Texas vs Oklahoma

For the second consecutive year, Texas enter the Red River Showdown unranked, and as huge underdogs to Oklahoma, also coming off a loss. Last year it worked out fine for the Longhorns, but there haven’t been too many indications that they’ll be able to repeat that surprising win.

Texas and Oklahoma will be facing off in Dallas, at the Cotton Bowl, for the 109th time. Texas have the all-time series lead (60-43-5) but have won just once in the last four meetings, including losing by 42 points in 2012 and by 38 points in 2011. Mack Brown is no longer with the team, but the cleaning house approach from new head coach Charlie Strong isn’t paying dividends just yet, and it’s going to be difficult to show a turning point against the number 11 team in the nation.

The biggest problem for Texas is putting points on the board. They did score 38 points in the season opener against North Texas, but that is almost like a fluke. David Ash was the quarterback is that game. He’s no retired from the sport, while Tyrone Swoopes, a sophomore, has taken over. With him at the helm and against much more difficult opponents, Texas have been averaging just 13.2 points per game. He is ranked 97th in the nation in passing efficiency, throwing for just five touchdown passes with a 59% completion percentage.

They lost by 34 points at home to BYU, at home to UCLA and a backup quarterback and most recently got routed by Baylor while putting up just seven points, also at home. Their defense is ranked 4th in the nation in terms of efficiency, but not being able to put up points against less than powerhouse teams is a huge worry against Oklahoma, who might not be heading into this game in perfect shape after their loss to TCU, but will still be able to score.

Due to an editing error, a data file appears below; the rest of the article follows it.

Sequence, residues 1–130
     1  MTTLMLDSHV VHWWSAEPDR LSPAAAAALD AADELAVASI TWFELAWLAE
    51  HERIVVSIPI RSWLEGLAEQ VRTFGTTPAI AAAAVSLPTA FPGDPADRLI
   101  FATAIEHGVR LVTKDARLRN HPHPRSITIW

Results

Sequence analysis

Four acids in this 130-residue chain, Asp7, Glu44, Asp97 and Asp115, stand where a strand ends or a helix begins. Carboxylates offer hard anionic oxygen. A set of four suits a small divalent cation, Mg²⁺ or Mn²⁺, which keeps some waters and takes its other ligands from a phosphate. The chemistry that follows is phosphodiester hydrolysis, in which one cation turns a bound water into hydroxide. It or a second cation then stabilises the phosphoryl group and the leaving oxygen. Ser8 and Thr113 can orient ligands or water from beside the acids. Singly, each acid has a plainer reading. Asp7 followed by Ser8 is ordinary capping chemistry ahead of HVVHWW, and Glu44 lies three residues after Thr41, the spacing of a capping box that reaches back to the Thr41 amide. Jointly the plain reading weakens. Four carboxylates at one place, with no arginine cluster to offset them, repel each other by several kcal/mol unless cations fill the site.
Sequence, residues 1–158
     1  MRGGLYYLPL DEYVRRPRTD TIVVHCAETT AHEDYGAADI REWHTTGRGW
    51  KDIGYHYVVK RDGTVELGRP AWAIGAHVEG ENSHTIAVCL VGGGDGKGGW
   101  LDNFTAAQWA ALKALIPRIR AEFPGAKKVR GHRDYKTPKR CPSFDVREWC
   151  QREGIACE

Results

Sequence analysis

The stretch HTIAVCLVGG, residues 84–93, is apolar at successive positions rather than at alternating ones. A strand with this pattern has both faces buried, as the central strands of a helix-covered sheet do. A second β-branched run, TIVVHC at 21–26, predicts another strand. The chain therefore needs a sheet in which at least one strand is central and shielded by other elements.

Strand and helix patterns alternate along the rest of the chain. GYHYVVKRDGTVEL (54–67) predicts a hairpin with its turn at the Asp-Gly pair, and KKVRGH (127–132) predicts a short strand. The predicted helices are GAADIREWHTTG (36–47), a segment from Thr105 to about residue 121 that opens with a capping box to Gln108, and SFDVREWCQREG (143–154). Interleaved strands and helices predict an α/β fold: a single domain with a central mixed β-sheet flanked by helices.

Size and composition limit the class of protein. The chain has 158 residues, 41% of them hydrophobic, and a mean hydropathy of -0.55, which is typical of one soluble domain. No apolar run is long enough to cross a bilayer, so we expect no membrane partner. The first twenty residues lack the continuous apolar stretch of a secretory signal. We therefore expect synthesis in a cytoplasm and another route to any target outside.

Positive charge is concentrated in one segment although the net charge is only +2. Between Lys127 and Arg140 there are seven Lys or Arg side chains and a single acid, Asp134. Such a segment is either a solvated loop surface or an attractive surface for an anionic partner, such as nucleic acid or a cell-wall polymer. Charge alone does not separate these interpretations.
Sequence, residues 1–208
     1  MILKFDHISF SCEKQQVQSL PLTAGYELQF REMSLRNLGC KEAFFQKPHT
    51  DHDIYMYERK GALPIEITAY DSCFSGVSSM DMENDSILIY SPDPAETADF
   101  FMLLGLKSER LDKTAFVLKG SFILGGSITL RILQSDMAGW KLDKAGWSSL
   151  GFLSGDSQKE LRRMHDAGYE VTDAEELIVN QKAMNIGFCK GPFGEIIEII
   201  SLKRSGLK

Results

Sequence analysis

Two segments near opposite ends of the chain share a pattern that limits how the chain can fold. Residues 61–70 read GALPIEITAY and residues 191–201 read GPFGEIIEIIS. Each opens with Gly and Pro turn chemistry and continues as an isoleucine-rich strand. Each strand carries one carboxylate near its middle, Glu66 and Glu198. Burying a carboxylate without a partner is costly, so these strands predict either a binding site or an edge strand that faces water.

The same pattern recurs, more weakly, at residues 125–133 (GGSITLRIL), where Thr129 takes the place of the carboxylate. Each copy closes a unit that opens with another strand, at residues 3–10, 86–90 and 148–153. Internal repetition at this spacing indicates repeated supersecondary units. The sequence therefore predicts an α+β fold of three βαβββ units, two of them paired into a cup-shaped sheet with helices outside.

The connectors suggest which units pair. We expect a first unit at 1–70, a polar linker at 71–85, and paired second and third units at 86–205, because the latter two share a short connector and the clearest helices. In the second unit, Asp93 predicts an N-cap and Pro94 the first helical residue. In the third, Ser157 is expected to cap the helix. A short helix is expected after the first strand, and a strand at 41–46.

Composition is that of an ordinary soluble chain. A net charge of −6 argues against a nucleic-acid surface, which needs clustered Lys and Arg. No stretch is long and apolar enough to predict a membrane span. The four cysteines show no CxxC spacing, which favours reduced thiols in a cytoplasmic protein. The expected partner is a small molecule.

The Sooners were stunned by the Horned Frogs, suffering from an awful game from Trevor Knight. Maybe he got excited from Katy Perry showing her affection towards him on College Gameday, but he’s never been the most accurate of quarterbacks, completing just 54.5% of his passes so far this season, throwing the same number of interceptions as he has for touchdowns. He completed just 14 of 35 passes in the loss to TCU.

The worst news for Texas is that Oklahoma haven’t scored less than 33 points in a game this season. Their 33 in the loss to TCU is a season low, and they’re featuring Samaje Perine at running back with eight touchdowns already this season, but their biggest weapon is probably Sterling Shepard, catching 30 passes for 651 yards and three touchdowns. Texas don’t have that caliber of playmakers aboard, averaging just 1.3 yards after contact per rush this season, the worst among power five conferences.

We’ve seen surprising in this clash over the years, and last year was quite the big one too, but it doesn’t seem like Texas were in such a bad place, such a low point as they are at the moment. Oklahoma might still be the best team in the Big 12, and playing in that special atmosphere that the rivalry brings out of the Cotton Bowl is the perfect opportunity to showcase that potential dominance.

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